How might unconscious bias affect your practice?
As lawyers, we are practised and trained in being objective. We apply objective tests when applying the law to our clients’ circumstances. However, although our conscious mind is well trained in thinking in this manner, our subconscious biases may be subverting our efforts to be truly objective – in the way we make decisions not only affecting our clients, but also our colleagues.
Bias may be more prevalent in your practice than you realise, with research indicating that firms underestimate its impact and overestimate the effectiveness of diversity policies.9 Areas where bias commonly creeps into the decision-making process include the following.
Judgment is inherent in the work of a lawyer. Interpreting evidence, facts, and legislation requires lawyers to exercise a level of judgment, and to advise clients and make decisions about case strategy accordingly.
It has been said that consequently, “there is no one concept that has more application to what we do as lawyers than unconscious bias”.10 Accepting that your judgment is typically influenced by your unconscious biases, it follows that your biases can negatively affect the substance of your work and in turn, your clients. Further, biases are understood to be more prevalent when multitasking or working under time pressure11 – circumstances frequently arising in the context of legal work.
In its more benign forms, you may exhibit unconscious bias towards the perspective of the party you represent,12 and so too might the experts you engage.13 More concerning, confirmation bias (seeking information that confirms our existing views and disregarding evidence that contradicts them)14 can have implications for your work, as can assumptions and generalisations. For example, if your client’s version of events and that of a witness conflict, your determination about the truth of each person’s evidence might be influenced by preconceived assumptions about that person.15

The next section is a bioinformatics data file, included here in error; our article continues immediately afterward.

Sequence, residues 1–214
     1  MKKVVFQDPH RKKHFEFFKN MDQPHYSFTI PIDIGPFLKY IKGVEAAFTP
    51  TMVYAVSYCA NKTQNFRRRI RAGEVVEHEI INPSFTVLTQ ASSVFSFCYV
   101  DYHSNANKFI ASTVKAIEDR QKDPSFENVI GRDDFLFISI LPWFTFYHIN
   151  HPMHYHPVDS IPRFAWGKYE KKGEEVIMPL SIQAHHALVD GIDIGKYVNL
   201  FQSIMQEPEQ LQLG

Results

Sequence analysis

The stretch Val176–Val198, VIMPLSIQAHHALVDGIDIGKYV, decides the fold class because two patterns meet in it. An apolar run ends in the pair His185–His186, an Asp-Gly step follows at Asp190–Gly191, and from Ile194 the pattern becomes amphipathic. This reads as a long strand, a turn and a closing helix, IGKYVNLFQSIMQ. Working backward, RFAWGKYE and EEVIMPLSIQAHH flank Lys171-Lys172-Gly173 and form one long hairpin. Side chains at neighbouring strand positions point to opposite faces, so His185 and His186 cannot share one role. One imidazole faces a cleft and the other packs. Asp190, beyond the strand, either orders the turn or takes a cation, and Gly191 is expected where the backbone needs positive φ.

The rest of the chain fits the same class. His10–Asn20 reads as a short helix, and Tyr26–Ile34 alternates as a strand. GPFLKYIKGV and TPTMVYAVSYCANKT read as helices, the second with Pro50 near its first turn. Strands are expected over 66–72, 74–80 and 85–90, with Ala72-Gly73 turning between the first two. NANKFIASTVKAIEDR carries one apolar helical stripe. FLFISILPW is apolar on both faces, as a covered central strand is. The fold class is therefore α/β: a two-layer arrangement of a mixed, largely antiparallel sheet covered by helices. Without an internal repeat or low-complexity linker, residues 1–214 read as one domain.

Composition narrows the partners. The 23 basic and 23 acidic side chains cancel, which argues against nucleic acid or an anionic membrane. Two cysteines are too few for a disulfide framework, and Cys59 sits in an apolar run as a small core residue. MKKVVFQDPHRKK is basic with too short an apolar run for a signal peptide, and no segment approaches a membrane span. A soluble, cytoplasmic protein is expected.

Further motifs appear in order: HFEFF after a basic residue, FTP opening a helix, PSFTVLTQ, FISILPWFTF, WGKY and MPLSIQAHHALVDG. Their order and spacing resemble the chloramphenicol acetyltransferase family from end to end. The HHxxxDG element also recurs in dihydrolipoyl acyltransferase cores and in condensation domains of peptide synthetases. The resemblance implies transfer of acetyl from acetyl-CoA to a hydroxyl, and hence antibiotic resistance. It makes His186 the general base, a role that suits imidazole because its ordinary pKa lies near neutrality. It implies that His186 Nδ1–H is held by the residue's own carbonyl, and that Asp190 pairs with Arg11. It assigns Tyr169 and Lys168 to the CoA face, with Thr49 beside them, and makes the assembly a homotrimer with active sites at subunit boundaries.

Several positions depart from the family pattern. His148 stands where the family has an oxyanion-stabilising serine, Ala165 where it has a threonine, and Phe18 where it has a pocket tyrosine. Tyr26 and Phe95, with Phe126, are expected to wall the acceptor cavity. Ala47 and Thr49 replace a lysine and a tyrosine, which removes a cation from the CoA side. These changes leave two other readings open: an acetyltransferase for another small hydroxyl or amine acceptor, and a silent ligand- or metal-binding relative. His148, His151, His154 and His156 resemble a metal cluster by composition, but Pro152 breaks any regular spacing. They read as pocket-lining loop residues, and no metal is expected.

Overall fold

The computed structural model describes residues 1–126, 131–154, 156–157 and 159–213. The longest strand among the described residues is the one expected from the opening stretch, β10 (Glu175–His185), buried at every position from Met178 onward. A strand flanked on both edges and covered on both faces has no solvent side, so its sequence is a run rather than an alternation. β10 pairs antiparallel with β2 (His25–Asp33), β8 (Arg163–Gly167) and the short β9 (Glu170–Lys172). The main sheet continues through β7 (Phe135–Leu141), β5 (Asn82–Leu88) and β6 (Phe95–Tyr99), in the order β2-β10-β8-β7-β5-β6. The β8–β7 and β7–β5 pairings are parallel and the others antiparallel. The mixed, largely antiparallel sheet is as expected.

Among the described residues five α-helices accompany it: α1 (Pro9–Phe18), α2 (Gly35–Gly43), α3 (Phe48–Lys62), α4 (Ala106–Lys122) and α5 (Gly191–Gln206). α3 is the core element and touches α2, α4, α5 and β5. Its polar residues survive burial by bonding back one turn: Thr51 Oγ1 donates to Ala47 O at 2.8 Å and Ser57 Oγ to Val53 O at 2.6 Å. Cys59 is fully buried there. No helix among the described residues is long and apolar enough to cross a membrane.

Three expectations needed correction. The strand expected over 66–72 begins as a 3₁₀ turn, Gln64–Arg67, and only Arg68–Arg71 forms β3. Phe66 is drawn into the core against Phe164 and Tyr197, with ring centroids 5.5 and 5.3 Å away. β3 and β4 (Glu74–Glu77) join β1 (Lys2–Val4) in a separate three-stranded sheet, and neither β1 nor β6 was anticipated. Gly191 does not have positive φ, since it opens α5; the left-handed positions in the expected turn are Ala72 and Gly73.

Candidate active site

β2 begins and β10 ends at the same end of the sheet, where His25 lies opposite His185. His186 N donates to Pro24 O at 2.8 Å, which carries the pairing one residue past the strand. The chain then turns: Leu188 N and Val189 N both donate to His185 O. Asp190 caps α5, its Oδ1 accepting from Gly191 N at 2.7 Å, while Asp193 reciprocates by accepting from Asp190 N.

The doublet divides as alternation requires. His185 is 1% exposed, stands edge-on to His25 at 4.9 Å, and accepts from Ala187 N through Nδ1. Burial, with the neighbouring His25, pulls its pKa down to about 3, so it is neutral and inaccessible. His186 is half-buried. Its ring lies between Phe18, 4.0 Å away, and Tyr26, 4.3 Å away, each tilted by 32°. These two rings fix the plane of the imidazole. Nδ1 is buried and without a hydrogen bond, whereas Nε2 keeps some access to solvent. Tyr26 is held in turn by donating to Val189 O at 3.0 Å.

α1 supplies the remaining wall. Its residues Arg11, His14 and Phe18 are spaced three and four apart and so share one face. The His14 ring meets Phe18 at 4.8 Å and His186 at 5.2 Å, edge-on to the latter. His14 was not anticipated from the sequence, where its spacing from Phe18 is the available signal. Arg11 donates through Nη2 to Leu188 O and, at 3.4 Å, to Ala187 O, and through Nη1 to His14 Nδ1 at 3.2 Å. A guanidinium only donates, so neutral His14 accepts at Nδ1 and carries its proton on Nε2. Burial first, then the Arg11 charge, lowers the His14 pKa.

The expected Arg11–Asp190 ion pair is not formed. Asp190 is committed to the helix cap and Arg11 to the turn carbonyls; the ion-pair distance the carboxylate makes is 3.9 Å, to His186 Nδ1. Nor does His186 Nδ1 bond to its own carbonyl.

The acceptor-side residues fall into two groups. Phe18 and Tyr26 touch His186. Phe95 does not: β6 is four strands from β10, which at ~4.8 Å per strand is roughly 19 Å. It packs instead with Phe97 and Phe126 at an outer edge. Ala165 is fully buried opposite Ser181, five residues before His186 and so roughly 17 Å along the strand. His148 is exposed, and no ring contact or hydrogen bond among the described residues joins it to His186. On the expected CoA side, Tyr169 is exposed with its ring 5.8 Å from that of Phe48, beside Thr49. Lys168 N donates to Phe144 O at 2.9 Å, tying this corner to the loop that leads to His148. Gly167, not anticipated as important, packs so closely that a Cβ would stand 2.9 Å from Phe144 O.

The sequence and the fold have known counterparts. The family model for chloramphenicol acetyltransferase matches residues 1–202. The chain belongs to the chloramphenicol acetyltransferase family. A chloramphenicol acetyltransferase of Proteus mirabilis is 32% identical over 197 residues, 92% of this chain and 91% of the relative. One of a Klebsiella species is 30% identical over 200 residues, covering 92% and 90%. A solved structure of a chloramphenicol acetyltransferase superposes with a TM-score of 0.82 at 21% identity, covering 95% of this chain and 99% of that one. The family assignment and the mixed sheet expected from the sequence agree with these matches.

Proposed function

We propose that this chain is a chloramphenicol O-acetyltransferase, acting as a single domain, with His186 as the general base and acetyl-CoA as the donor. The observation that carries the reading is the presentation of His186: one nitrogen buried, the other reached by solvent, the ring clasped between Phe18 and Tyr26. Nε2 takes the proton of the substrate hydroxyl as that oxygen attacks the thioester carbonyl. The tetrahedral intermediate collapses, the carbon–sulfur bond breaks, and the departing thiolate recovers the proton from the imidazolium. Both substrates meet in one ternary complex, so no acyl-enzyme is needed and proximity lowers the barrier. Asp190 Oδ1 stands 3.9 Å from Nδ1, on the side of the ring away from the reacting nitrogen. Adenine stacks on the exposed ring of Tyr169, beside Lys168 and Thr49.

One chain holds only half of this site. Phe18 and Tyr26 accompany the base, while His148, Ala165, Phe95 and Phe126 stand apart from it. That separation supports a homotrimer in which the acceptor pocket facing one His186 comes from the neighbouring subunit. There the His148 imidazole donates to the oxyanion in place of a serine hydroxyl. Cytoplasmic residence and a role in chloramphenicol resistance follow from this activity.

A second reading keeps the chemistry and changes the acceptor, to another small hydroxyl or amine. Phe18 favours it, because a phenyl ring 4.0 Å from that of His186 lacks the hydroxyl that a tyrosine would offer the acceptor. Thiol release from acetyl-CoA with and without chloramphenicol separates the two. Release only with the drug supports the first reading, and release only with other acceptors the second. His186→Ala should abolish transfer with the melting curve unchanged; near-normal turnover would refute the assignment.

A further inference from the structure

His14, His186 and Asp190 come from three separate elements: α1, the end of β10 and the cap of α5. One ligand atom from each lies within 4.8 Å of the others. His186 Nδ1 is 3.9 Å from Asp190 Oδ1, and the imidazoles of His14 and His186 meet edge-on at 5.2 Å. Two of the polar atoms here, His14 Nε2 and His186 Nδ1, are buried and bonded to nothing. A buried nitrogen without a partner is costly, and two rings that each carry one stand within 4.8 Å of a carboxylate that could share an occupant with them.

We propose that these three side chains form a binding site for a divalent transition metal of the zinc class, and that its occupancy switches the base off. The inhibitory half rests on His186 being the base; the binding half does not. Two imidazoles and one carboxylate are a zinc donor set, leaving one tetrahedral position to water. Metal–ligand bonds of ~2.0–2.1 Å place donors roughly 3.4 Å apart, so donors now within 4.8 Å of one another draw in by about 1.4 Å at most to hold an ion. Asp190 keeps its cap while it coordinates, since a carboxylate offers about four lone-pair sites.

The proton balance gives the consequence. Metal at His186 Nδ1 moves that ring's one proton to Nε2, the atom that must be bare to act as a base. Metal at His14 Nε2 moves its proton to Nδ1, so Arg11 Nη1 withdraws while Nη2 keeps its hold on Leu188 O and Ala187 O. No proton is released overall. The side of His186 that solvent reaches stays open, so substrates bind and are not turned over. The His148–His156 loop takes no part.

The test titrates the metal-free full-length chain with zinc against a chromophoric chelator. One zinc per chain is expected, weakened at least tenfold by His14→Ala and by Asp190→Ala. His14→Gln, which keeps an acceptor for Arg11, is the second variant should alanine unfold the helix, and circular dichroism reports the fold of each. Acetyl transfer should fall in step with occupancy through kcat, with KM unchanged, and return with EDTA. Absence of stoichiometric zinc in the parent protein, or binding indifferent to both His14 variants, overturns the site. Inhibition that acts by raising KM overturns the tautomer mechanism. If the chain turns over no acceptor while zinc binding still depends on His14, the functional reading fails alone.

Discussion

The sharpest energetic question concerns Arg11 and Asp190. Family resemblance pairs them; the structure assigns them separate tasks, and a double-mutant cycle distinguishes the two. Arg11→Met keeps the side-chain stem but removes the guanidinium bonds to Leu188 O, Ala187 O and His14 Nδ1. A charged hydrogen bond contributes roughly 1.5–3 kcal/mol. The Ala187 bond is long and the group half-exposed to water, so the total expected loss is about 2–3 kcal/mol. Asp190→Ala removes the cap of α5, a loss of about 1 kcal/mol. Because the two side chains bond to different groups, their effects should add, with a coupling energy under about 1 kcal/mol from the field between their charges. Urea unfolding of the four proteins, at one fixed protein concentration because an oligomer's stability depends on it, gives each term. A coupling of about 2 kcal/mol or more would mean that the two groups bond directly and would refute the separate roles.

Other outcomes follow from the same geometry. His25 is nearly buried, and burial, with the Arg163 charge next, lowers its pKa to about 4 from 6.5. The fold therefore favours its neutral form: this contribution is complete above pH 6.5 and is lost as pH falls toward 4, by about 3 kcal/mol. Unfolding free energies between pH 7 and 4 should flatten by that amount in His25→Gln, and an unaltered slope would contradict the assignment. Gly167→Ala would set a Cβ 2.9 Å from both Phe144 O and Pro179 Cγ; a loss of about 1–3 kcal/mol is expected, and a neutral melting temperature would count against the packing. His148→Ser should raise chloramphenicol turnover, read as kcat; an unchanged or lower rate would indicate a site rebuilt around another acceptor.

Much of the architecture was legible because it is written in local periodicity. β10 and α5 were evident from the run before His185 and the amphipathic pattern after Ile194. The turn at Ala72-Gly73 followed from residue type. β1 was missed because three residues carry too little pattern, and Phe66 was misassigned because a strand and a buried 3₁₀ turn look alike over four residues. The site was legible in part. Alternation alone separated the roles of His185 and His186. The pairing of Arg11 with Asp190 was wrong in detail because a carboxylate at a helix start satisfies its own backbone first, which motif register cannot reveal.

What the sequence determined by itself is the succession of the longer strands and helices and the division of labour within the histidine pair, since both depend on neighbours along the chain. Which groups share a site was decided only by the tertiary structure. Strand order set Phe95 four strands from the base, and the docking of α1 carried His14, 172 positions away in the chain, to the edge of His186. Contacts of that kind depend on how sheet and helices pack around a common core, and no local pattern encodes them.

2. Early career lawyers
Bias has the potential to infect every stage of an individual’s career – but perhaps its detrimental effects can be most profound at the junior level.
Firstly, in gaining entry to the profession. A known barrier to achieving diversity in the legal profession is at the entry point. Given many of the skills required by lawyers are developed ‘on the job’, interviewers must rely on predictors of future success instead of demonstrated ability.16 Unfortunately, this involves assumptions about an individual’s traits and invites the risk of bias. Where these assumptions are unfounded and inaccurate, talented people of diverse backgrounds will struggle to enter the profession.
Secondly, in accessing opportunities. Mentoring junior members of the profession requires time and effort. Sadly, there is the potential for affinity bias to impact upon who senior members of the profession choose to make this investment in, and assign work to.17 If senior lawyers succumb to their natural inclination to invest in those that are most like themselves, early career lawyers from diverse groups will miss out on opportunities.18 Given 62% of Queensland’s early career lawyers are female, and 75% of pinnacle practitioners are male, attention needs to be devoted to keeping our early career female lawyers engaged throughout their careers.19
Thirdly, in progressing to more senior positions. Failing to receive opportunities in turn means early career lawyers in diverse groups will find it more difficult to demonstrate the competencies required for promotion.20 For instance, research suggests that men are more regularly perceived as wanting to become a partner, and accordingly, are offered support and cues to assist them in getting there.21 Similarly, attribution bias (making more favourable assessments of behaviours for those in your own ‘group’)22 can mean the capabilities of lawyers from diverse groups are assessed unfairly.